Sir, – The suggestion that this highly specialised facility is to be removed from in-house to elsewhere is extremely bad news.
Not only is it unwise, but it is also unsafe when hygiene is of the essence (or should be) in our daily lives, but most especially in the NHS. Following on from the coronavirus epidemic, now is the time to promote the best in hygiene and this is no more self-evident than in hospitals and care facilities.
It is amazing to watch full grown women emerge from public lavatories without any hand-washing afterwards.
These are elementary procedures.
Good hygiene should be carried out from our early years and taught to children within the home.
The proposal for centralisation of laundry services should be abandoned forthwith and less meddling carried out in the NHS.
It is too precious to lose.
We must care for the carers
Sir, – I write this having just read Fife councillors’ statements regarding how desolated they are at having to implement increases in council tax and rents while continuing to cut services.
In 2016, the United Nations committee on the Rights of Persons with Disabilities stated that cuts in local government spending resulting in reduced budget allocation for social welfare, health care, employment and education which had impacted on the human rights agenda.
Not much change then, other than things are getting worse. I was recently informed that due to “restructuring” of transport times for Central Fife Community Services my free time from caring for my 34-year-old son (I’m 66) would be reduced by 90 minutes per week.
This is a knock-on effect of service closures and staff shortages. as remaining staff try to maintain the service.
Fife Carers strategy states it is important people who provide unpaid care are supported to look after their own health and wellbeing, including to reduce any negative impact on their caring role.
Whoever came up with this plan obviously hadn’t read the strategy.
After 30 years of banging on the counter for services, I accept the counter is riddled with woodworm and about to collapse but I feel those with learning disabilities and their carers are seen as easy targets.
This is very short sighted; as I keep pointing out to the health and social care partnership, the faster you wear out the carers the sooner you will have to find more expensive residential care.
Unfettered river drainage
Sir, – Alister Rankin, (Look after the UK’s drains, Courier, March 3) is quite right that water drainage is vital in offsetting flood risks and that building the HS2 railway is, of course, of lesser priority than helping flood victims.
Though the climate is warming cyclically, as glaciers retreat, that changing climate has featured for aeons past.
However, from scientific analyses, the heavy rainfall, not at all unprecedented before the climate scares, is nothing new.
River drainage, previously prohibited by EU diktat, will soon be unfettered.
Thus severe floods, which cannot be blamed on our changing climate, can and should soon become much less frequent and scary.
Dr Charles Wardrop.
Viewlands Road West,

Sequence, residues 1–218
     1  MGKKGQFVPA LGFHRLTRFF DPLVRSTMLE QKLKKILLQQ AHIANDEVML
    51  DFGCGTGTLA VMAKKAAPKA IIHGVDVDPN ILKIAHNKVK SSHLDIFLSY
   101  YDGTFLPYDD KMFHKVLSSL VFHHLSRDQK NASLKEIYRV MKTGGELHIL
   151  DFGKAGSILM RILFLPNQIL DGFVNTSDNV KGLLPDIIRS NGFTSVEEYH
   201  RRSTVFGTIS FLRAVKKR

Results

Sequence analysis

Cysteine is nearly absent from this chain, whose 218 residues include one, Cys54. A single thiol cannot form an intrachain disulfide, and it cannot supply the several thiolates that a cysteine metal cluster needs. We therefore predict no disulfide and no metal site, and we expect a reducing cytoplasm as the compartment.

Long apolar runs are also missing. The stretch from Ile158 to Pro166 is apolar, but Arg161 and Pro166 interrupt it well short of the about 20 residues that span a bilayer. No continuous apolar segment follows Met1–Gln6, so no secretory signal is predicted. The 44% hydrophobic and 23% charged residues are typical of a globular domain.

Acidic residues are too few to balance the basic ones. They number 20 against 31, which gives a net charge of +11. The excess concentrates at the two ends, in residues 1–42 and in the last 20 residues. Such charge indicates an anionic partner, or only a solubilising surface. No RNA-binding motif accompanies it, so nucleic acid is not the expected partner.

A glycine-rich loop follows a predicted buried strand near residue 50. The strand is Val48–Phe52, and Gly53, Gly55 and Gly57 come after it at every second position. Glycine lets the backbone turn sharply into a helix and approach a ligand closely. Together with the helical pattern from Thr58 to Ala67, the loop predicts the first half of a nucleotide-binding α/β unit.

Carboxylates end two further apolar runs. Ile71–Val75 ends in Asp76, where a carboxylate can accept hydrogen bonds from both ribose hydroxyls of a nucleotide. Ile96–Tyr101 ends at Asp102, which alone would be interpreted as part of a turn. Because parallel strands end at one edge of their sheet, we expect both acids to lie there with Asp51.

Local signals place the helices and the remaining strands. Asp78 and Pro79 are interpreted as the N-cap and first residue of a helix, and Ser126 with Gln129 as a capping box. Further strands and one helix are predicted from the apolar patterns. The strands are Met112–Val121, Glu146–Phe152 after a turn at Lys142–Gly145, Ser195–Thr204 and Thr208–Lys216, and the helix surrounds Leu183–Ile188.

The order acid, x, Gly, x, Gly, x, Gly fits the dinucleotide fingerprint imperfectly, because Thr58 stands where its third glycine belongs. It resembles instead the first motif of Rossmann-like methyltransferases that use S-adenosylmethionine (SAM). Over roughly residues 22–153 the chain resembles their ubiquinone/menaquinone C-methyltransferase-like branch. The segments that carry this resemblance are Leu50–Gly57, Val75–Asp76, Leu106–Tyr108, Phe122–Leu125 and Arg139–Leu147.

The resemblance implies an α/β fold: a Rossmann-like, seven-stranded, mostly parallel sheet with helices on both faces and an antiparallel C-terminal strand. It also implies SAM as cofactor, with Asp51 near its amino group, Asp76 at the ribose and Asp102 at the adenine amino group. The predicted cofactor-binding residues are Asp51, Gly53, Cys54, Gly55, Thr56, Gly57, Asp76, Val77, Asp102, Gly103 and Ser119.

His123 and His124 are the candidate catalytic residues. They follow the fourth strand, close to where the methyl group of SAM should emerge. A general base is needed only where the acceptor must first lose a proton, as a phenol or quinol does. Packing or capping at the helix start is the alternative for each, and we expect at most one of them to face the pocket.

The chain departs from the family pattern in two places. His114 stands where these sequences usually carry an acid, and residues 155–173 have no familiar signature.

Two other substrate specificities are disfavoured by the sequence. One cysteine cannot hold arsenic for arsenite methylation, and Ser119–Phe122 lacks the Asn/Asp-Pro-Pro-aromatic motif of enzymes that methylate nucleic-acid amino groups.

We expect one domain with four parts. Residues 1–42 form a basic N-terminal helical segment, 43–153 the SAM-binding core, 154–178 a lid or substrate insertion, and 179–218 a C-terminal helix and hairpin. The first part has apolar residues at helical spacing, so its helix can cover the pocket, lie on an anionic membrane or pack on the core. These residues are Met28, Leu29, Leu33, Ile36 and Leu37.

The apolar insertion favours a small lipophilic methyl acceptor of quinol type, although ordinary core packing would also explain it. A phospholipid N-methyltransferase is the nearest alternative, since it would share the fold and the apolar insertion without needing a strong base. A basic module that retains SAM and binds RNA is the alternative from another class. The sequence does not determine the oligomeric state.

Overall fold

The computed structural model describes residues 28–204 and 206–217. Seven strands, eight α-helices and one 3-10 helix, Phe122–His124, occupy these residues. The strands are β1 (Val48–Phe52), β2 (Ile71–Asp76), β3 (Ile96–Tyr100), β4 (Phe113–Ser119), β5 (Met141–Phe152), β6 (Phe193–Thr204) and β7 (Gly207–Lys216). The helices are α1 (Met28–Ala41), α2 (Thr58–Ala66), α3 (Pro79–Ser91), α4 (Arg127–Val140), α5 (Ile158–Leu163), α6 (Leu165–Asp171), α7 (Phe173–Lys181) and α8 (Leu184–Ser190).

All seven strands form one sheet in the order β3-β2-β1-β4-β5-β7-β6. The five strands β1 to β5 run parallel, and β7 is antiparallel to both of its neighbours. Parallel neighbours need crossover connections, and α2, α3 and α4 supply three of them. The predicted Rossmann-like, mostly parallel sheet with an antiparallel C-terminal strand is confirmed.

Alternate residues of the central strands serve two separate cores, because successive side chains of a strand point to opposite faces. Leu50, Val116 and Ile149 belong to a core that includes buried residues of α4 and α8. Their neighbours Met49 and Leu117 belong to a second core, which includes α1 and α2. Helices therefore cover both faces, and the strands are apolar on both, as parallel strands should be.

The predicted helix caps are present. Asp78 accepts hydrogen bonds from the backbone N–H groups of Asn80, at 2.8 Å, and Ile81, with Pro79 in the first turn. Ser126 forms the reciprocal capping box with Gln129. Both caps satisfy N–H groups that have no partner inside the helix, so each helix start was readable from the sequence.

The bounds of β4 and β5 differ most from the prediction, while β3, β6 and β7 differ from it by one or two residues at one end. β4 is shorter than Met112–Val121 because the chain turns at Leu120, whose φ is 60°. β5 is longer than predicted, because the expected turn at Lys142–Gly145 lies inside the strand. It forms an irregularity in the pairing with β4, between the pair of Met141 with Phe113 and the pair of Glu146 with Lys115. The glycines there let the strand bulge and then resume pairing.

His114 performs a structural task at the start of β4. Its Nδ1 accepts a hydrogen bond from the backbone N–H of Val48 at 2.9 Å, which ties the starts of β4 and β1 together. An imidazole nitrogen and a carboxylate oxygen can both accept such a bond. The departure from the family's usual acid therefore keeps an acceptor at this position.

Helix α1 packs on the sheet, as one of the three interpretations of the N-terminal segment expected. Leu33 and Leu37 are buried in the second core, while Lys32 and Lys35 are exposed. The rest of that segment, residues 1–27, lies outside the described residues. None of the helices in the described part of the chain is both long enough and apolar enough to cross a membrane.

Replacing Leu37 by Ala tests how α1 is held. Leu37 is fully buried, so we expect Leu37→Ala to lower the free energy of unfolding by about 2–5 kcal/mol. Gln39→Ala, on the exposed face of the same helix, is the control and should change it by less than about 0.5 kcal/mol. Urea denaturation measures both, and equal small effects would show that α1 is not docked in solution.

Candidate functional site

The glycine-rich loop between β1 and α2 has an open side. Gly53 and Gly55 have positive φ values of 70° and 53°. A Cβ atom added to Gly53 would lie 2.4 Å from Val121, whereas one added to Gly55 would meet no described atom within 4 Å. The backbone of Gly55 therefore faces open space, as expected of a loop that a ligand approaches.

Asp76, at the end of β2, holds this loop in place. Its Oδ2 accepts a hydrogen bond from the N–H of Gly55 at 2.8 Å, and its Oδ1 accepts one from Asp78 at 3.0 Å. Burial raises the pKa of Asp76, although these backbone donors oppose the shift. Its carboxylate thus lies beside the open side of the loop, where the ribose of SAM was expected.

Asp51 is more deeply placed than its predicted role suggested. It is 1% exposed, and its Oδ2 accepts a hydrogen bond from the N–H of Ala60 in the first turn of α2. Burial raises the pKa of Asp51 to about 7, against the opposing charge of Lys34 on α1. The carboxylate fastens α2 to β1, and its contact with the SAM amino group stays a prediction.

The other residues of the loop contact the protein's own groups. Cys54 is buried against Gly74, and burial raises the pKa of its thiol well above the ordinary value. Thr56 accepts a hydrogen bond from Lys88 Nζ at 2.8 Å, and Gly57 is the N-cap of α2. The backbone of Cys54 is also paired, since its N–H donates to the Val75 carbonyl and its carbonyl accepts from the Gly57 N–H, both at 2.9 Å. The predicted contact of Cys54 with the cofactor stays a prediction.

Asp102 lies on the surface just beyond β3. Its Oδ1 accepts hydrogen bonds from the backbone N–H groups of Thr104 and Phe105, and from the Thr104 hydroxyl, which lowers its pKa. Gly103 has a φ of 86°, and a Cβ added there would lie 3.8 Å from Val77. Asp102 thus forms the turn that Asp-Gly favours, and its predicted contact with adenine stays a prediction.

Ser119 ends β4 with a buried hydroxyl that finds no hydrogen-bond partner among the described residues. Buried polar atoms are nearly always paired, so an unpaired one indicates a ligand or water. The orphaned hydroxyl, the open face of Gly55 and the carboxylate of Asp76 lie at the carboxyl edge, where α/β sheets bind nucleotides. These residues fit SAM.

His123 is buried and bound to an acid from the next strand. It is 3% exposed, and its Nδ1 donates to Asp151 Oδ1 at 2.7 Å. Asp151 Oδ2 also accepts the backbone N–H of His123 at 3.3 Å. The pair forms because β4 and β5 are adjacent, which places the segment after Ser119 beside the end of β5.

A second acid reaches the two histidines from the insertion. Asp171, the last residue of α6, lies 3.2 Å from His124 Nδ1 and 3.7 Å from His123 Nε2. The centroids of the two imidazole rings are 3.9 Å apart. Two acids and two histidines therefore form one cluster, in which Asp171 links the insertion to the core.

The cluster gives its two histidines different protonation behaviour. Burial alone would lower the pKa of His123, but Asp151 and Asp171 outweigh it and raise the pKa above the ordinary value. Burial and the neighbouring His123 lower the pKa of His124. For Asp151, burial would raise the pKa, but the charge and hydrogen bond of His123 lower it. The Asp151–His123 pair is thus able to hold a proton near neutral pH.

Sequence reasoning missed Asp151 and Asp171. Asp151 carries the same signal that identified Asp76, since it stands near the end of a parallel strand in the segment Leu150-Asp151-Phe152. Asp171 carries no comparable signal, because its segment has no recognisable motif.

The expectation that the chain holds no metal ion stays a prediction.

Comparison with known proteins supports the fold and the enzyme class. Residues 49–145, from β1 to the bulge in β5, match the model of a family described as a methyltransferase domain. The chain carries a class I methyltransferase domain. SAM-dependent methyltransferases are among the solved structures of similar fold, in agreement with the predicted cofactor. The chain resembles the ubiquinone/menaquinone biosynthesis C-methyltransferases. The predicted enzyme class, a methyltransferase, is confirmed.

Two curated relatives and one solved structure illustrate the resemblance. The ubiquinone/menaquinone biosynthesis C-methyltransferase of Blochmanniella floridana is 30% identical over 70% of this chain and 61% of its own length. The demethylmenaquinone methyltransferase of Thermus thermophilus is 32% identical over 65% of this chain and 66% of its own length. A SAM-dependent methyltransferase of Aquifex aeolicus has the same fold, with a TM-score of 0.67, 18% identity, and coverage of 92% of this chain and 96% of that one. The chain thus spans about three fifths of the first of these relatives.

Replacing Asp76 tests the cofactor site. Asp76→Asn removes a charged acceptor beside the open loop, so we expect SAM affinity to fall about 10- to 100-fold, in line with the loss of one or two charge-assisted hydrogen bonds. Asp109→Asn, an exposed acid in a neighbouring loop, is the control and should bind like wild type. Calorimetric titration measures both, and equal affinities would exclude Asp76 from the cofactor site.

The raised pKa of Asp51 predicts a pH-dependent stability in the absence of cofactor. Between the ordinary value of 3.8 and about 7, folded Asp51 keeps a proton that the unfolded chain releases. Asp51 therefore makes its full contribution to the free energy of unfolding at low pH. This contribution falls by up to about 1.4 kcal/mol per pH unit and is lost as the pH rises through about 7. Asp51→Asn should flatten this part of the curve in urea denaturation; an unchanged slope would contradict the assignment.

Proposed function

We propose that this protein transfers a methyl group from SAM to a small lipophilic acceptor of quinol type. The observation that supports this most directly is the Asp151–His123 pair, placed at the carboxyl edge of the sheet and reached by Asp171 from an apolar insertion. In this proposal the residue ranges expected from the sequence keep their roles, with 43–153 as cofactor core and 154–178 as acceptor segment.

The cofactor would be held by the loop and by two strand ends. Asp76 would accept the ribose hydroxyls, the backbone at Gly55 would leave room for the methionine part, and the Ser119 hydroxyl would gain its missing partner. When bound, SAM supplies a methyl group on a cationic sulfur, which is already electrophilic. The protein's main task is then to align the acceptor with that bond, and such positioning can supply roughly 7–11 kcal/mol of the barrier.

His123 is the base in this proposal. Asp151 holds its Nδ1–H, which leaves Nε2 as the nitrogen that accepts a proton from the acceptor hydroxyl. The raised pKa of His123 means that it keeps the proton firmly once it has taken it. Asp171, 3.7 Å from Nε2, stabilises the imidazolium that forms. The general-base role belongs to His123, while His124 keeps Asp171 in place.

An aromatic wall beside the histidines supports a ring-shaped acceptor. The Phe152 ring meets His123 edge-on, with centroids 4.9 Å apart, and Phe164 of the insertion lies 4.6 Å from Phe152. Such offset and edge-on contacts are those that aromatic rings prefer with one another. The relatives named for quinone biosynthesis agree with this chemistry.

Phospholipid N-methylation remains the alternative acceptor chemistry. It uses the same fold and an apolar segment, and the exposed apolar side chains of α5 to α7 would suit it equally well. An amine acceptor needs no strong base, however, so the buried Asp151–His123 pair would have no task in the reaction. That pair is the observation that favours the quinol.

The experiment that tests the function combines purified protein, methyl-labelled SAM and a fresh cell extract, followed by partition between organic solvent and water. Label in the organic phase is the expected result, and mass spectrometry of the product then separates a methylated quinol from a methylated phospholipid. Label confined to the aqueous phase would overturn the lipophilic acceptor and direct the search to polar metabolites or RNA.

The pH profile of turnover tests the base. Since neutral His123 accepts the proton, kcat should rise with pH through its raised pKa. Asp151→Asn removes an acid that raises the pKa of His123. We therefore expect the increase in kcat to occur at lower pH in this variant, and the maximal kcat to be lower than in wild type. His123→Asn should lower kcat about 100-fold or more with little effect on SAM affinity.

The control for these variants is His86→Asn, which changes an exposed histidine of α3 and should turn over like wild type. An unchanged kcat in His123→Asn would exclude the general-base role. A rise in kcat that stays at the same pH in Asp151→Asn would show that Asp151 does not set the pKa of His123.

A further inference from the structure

Taking defence seriously
Sir, – While the world’s focus is on the Covid-19 coronavirus, the refugees being refused at the Greek border are only one aspect of the continuing chaos in the Middle East, which includes fighting between Nato members Turkey and Russia and its associates.
This is not the first time that Turkey’s president Erdogan has weaponised Syrian refugees and other migrants.
In 2016, the EU agreed to pay Turkey six billion euros and ease visa controls in exchange for Turkey restricting flows of migrants to Europe.
This time President Erdogan is more likely seeking political support and reassurance of military backing in his confrontation with Russia and its Syrian allies. In the last few days in Syria’s Idlib province over 30 Turkish soldiers have been killed, while two Syrian warplanes and several Turkish drones have been shot down. Turkey also claims to have inflicted heavy casualties on Syrian and allied forces.
Normally a Nato member can count on the wholehearted support of its allies, however ironically Turkey chose to buy the Russian S-400 air defence system in preference to US or European equipment. As a result, Turkey was expelled from the F35 fighter project.
Also, just a fortnight ago the LNA rebels claimed responsibility for an attack on a ship allegedly delivering Turkish arms to the Libyan government.
With pivotal Nato member Turkey a loose cannon under President Erdogan’s leadership, we really have to start taking defence more seriously, starting with greatly increasing the MoD’s budget.
Vault’s location is a mystery
Sir, – I found it interesting to read the article headed “Friar who lived during key medieval battles reburied near castle” (Courier, March 2).
As I read, my thoughts turned to Perth where a search has been made, as yet unfruitful, for the remains of James 1, who was murdered in the Fair City in 1437.
If those remains were to be located then what a coup this would be for Perth, considering the hope that the Stone of Destiny will be found a new home in city hall.
But on my doorstep a further mystery remains at the former parish kirk, which was ravaged by fire in February 2004 and which is now further damaged by the partial collapse of the tower.
A burial vault to the Nairne family, who resided in a large stately mansion at Loak, south of Bankfoot, lies somewhere within or outwith the church.
The vault rested in the first parish church which fell into ruin. When the second parish kirk was rebuilt in 1812 the vault found another location. But where is it? A mystery indeed.
Thomas A Brown.